In comparison, our sufferings are minor.  We may be derided for our faith.  We may be laughed at or dismissed.  We may even lose a job or two.  Under some circumstances we might be physically beaten.  We suffer setbacks in our finances, relationships, and in our health, and these cause us great distress.

While our sufferings may not compare to Paul’s, nothing prevents us from having his attitude toward them.  He described them as light momentary affliction.

If he can consider being stoned “light,” how should we look at times when we suffer persecution?

If he can consider being lashed and shipwrecked as “light,” how should we look at our own physical difficulties?

If he can consider nearly starving as “light,” how should we look at our financial difficulties?

Paul is not really attempting to diminish the difficulties involved with suffering: suffering poses great challenge and trial of our lives and of our faith.  Yet, in comparison to the glory that awaits us from God, we can understand that we experience is very light.

Therefore, when we go through difficulties in our lives, let us be humbled by the sufferings that others have suffered for their faith, and have yet persevered.  When we go through difficulties, let us be encouraged by recognizing that the glory of the resurrection and being with God and Christ will make our sufferings pale in comparison.  The worse we suffer, the greater that day will seem!

Ethan R. Longhenry

Divine Kindness

“But love your enemies, and do them good, and lend, never despairing; and your reward shall be great, and ye shall be sons of the Most High: for he is kind toward the unthankful and evil” (Luke 6:35).

Love and kindness come easily for those who are loving and kind to us.  We enjoy time we spend with those who love us and who are kind to us.  We get together with them and eat and give presents and receive presents.  We recognize that such people in our lives help make life worth living.

Can you imagine attempting to share such gifts with those who hate you?  What happened if you gave gifts to ungrateful people?  What if you did good to others and were repaid with evil?  What happens if you lend someone money and they never repay?

According to human logic, we would at best have nothing to do with such persons, and at worst do them harm (cf. Matthew 5:43).  It is expected that lovable people are loved and unlovable people are shunned.  It is expected that those who are ungrateful get little and those who do not repay have no credit.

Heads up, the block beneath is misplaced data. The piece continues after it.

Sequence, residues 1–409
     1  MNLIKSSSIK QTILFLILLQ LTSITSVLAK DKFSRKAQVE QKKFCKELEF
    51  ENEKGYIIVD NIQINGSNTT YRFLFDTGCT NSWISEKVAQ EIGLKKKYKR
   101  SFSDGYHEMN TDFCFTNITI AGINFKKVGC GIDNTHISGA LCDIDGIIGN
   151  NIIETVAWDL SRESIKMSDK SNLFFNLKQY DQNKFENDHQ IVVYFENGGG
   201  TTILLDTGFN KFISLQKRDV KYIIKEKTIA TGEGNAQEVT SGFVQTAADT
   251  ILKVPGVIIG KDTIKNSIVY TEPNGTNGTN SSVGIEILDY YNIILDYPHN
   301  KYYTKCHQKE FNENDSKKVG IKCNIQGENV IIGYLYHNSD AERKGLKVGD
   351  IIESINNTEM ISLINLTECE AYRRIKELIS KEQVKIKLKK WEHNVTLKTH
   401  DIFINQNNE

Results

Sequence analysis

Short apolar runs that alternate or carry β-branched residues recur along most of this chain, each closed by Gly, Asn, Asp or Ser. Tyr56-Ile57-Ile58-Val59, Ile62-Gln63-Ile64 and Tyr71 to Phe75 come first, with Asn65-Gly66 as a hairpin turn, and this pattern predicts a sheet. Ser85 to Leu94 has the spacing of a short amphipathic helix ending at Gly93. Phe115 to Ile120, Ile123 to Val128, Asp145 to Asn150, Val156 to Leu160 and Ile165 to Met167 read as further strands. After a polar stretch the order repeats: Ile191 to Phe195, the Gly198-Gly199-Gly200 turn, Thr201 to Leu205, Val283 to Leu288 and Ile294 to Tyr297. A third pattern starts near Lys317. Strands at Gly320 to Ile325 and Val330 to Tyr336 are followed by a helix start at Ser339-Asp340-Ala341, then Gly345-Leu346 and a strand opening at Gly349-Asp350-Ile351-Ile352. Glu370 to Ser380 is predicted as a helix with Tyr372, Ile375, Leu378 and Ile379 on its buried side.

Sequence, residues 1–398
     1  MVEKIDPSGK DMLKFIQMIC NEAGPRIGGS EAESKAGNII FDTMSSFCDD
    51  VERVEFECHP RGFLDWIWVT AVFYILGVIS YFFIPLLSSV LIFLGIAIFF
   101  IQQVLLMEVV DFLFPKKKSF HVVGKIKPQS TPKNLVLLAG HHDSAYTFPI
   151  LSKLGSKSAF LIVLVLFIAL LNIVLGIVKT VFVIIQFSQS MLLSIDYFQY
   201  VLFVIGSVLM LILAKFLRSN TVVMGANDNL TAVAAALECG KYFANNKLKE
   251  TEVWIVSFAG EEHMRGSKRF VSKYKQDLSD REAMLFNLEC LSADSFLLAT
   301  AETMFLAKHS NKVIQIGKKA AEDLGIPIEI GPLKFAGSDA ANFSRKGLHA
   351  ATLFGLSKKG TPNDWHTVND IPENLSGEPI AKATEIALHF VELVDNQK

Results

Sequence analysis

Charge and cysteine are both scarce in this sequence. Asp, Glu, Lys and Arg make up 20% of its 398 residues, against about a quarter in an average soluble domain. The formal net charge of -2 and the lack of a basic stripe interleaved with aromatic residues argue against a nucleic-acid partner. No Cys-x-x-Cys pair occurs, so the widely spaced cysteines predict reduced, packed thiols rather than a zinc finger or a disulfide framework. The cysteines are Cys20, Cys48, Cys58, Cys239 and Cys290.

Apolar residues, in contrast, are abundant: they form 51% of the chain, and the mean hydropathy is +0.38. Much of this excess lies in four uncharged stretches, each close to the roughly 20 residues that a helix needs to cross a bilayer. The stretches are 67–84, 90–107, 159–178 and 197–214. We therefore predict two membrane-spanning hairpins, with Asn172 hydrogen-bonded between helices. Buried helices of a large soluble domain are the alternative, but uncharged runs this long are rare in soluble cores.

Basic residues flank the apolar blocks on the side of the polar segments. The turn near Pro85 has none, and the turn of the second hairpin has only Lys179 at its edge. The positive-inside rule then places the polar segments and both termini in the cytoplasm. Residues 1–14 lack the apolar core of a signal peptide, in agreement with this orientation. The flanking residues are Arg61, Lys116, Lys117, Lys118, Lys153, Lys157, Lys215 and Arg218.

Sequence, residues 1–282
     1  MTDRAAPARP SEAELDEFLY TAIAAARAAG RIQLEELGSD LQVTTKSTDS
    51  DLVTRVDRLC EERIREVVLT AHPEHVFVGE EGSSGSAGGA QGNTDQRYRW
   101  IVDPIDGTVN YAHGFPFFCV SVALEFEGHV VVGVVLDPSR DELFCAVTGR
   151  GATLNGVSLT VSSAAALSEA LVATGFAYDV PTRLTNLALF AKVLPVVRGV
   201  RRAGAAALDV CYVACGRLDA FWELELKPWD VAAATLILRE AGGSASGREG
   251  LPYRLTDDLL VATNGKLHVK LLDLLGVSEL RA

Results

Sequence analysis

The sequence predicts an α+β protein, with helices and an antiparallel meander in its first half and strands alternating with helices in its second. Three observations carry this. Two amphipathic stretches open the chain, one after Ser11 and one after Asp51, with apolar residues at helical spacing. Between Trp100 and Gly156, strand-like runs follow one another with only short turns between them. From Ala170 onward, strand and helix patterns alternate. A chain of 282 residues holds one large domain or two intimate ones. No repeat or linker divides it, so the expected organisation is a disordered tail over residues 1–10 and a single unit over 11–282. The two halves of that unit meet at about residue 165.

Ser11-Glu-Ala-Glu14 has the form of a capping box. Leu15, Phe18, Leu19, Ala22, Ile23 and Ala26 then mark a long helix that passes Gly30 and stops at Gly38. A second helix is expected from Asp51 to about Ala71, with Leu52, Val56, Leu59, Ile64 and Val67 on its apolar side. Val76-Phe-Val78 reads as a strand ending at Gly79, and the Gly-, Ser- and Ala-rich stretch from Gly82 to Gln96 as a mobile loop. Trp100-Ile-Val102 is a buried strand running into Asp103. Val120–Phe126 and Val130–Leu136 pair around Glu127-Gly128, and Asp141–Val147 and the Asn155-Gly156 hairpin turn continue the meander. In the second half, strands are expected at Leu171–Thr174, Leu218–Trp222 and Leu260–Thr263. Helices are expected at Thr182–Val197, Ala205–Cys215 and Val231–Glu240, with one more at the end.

Yet, in the Kingdom of God, all of these things are turned on their head.  Jesus turns the world upside down!  He prayed for those who reviled Him and crucified Him (Luke 23:34).  He prayed for His disciple whom He knew would deny Him (Luke 22:31-32).

As it is written,

For while we were yet weak, in due season Christ died for the ungodly. For scarcely for a righteous man will one die: for peradventure for the good man some one would even dare to die. But God commendeth his own love toward us, in that, while we were yet sinners, Christ died for us. Much more then, being now justified by his blood, shall we be saved from the wrath of God through him. For if, while we were enemies, we were reconciled to God through the death of his Son, much more, being reconciled, shall we be saved by his life; and not only so, but we also rejoice in God through our Lord Jesus Christ, through whom we have now received the reconciliation (Romans 5:6-11).

While it is always easier to point fingers at everyone else, we must recognize that we, too, have spent our time in unkindness and ungratefulness (Titus 3:3-8).  God has showed kindness to us when we were unthankful and evil.  He showed us mercy despite our unmerciful attitudes.  He was not yet willing to condemn us even though we were willing to condemn others.  He provided wonderful gifts even though we forsook Him.

Therefore, it ought to be but a little thing for us to show divine kindness: love and help not just those who love us and help us, but also to those who make us uncomfortable, those who might use and abuse us, and those who may hate us.  After all, without God showing us such divine kindness, where would be be?

Ethan R. Longhenry